Monday, October 31, 2011

Notes from day 1 of KohaCon11 in Thane, India.

I am in India !
India has long been on my bucket list of places to see before I die - and here I am! The Koha community has gathered in Thane, Mumbai as guests of VPN Thane. There are around 120-150 of us and from a number of different countries.

Opening session:
Dr VJ Bedekar

What an amazing man! Clearly has a deep understanding and commitment to open source. Dr Bedekar has extended every hospitality to us; even making his personal car available to collect us each day from the hotel. Really, there is nothing more that could have been done to make us feel welcome and our stay here successful.

I delivered the keynote address next, slides and text of my presentation here. It went quite well I think. I wanted to stress the importance of vendors and libraries and end users and developers all working together to make good software and the simple rules to keep the community working together well: trust, share, grow (and don't be a dick).

The Principal, Dr (Mrs) Shakuntala Singh is so warm and gracious and intelligent and talented. We have been told that she was a champion badminton player, an accomplished musician and has a PhD in Philosophy. She has spoken with conference attendees several times and is clearly held in high regard by her staff.

Paul Poulain (the only person to have attended every KohaCon) reminded us all of the history of the Koha project. What I have noticed is that the Koha Community has stopped pretending to care about LibLime: "They are on their island and we are on ours". This is a healthy step and allows us to continue developing great software without the distraction of a LibLime circus on the sidelines.

Vijay Rahene presented a paper which reminded me of the important role librarians have in teaching new technologies so that our library members can access information - which now increasingly resides online and not on paper.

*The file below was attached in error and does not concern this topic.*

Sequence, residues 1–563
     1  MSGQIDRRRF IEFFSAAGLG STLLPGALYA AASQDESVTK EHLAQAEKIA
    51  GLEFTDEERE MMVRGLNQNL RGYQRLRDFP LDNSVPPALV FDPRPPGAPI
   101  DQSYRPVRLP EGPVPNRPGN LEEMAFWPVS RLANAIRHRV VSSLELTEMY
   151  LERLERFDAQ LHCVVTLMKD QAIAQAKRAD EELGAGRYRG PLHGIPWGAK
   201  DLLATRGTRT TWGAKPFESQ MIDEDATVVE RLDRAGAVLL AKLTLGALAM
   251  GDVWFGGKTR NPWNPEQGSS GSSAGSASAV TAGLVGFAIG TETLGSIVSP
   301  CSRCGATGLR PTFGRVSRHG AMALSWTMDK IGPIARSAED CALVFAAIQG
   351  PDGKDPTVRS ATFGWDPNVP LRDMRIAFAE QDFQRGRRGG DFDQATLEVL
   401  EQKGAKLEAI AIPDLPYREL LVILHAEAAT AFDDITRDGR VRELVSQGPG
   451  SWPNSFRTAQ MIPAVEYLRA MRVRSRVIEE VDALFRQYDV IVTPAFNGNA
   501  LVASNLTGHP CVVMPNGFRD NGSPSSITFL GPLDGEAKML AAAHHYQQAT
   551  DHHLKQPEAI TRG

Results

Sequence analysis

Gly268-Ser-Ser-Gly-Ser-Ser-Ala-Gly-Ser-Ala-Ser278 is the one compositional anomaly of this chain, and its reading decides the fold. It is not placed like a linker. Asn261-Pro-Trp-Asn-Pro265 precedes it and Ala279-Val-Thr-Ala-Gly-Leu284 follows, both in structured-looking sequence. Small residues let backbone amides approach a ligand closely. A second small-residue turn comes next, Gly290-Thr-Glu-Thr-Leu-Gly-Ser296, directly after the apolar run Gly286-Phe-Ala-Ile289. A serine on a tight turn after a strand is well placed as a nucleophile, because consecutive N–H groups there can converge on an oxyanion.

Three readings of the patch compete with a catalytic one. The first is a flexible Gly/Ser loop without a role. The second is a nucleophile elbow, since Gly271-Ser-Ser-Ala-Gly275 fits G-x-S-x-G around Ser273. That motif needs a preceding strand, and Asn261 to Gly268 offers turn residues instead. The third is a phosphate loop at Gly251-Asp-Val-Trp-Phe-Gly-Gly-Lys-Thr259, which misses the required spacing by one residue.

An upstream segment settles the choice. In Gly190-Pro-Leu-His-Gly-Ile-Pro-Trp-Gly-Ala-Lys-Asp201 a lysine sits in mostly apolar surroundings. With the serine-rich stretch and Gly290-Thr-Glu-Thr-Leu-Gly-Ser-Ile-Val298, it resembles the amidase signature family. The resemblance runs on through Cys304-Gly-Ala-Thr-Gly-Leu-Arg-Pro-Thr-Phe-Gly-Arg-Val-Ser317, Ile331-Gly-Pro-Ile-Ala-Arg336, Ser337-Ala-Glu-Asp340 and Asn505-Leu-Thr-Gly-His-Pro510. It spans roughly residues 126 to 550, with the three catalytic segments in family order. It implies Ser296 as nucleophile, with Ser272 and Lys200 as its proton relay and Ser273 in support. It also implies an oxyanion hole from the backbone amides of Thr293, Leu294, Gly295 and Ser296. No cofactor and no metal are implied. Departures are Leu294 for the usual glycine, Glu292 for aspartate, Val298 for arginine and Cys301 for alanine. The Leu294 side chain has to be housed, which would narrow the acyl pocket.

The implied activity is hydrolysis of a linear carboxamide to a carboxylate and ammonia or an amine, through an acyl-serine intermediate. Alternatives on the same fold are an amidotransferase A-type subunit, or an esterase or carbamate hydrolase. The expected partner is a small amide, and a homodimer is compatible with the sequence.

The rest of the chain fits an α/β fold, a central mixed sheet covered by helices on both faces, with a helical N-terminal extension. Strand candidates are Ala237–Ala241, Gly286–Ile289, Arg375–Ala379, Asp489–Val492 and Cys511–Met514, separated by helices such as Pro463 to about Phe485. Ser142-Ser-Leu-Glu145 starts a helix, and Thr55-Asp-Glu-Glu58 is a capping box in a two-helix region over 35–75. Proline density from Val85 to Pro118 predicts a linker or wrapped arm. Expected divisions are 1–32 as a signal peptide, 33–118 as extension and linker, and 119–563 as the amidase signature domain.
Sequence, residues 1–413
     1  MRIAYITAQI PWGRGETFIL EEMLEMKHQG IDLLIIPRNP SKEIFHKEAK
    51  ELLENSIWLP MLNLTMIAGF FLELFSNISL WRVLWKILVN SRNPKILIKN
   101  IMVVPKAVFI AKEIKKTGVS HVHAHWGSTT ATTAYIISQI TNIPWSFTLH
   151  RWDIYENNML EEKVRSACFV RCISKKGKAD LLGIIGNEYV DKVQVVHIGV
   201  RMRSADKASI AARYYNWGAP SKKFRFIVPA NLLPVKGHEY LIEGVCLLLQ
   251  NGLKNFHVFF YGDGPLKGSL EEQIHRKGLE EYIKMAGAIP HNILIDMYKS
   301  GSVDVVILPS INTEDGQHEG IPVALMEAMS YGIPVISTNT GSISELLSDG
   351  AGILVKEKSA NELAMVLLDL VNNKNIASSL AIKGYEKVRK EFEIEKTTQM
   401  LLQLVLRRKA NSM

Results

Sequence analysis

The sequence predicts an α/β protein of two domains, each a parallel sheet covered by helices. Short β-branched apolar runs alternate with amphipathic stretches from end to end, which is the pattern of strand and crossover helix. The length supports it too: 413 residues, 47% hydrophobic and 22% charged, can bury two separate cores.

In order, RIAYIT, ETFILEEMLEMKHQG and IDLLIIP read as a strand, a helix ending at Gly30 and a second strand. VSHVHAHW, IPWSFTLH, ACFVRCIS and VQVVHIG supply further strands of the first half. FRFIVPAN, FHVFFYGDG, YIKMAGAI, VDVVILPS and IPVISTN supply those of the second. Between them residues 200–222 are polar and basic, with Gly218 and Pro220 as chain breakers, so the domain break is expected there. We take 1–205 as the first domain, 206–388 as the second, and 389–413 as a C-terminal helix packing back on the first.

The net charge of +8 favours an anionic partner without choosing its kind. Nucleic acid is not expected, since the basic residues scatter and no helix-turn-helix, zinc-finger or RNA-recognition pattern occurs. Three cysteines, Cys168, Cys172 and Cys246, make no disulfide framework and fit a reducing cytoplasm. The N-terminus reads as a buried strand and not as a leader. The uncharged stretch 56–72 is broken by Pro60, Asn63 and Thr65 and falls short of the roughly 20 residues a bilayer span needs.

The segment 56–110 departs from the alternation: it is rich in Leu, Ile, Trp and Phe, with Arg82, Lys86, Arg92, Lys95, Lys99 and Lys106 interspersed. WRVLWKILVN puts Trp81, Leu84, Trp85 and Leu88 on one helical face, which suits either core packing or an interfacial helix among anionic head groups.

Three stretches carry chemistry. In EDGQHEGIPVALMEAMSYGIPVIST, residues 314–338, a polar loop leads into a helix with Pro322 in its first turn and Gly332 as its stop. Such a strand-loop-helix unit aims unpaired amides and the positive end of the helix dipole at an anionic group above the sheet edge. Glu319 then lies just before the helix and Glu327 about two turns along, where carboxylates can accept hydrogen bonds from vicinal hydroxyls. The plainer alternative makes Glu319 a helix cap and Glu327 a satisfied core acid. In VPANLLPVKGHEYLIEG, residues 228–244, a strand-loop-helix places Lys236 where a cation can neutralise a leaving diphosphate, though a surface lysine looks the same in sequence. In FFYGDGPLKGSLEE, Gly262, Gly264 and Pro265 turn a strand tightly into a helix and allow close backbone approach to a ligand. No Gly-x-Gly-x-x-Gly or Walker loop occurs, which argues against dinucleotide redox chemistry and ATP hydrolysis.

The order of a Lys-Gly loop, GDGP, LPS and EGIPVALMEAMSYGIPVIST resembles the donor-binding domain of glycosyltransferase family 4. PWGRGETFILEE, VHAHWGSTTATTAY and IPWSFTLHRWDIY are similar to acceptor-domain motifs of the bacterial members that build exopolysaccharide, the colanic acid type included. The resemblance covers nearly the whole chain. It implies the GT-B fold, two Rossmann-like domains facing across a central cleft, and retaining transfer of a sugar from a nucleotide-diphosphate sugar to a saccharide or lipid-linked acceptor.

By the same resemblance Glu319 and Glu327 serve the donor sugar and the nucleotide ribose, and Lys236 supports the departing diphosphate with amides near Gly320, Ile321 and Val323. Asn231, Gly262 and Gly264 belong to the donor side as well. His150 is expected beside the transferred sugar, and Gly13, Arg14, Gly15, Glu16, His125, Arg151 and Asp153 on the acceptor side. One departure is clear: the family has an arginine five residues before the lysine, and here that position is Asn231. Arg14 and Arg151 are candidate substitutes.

I love good orators and Awoyemi Akinade is such a man. Terrific message delivered in a passionate and engaging manner. Talked about how African scientists need open access in order to join the global scientific community. Copyright and access is part of problem: "the big business of copyright." Costs money to access this stuff - too much money but you also have to pay and its impossible to pay if can't access creditcards.

Access was one strand of his talk, but also publishing. We need to redress the imbalance of Nigerian / third world publishing particularly scientific research and findings. Indexing was the 3rd aspect he covered. Lots of stuff is published in Nigeria, paper and pixels, but is not indexed and findable via online methods. The internet is overwhelmingly US, English-speaking and western-focused. My takeaway from Akinade: Africa's scientists have much to offer, but the problem is access to western data and places to publish their work. We need an open source, open access repository for scientfic publication.

Next up was Brooke Johnson, looking stunning in a heavily embroidered sari. She talked about introducing lots of gaming tricks and devices into Koha to make it more 'friendly' and rewarding ... much like a computer game. Very stimulating session and lots of great ideas. Slides here.

Sadhir Badhe delivered a paper on Koha in Indian Public Libraries and talked off the challanges to automation: people are actually your biggest problem and their aversion to change. This relates directly to commenst made by 2 very concerned librarians at the end of 2 days of solid education. They asked 'but how do we print out the book cards". They couldn't quite understand that you don't run a manual system when you have an automated one. Marijana from Croatia had the same experience there, and Koustubha gave up saying no and just printed out cards for his library... so interesting.

Robin Sheat
gave a very good talk on the importance of 'keeping up' as in on the main development trunk of Koha. His graphical illustration of the forks and trunks etc made it so clear. We really must get up to 3.6 asap. His slides are here.

Dr Bedekar rounded off the day with good summary. Full Unicode support is ABSOLUTELY CRITICAL in an international context. Sometimes, in the US, we forget that. I couldn't agree more.

One final thing: KohaCon11 was written up in the local newspaper.

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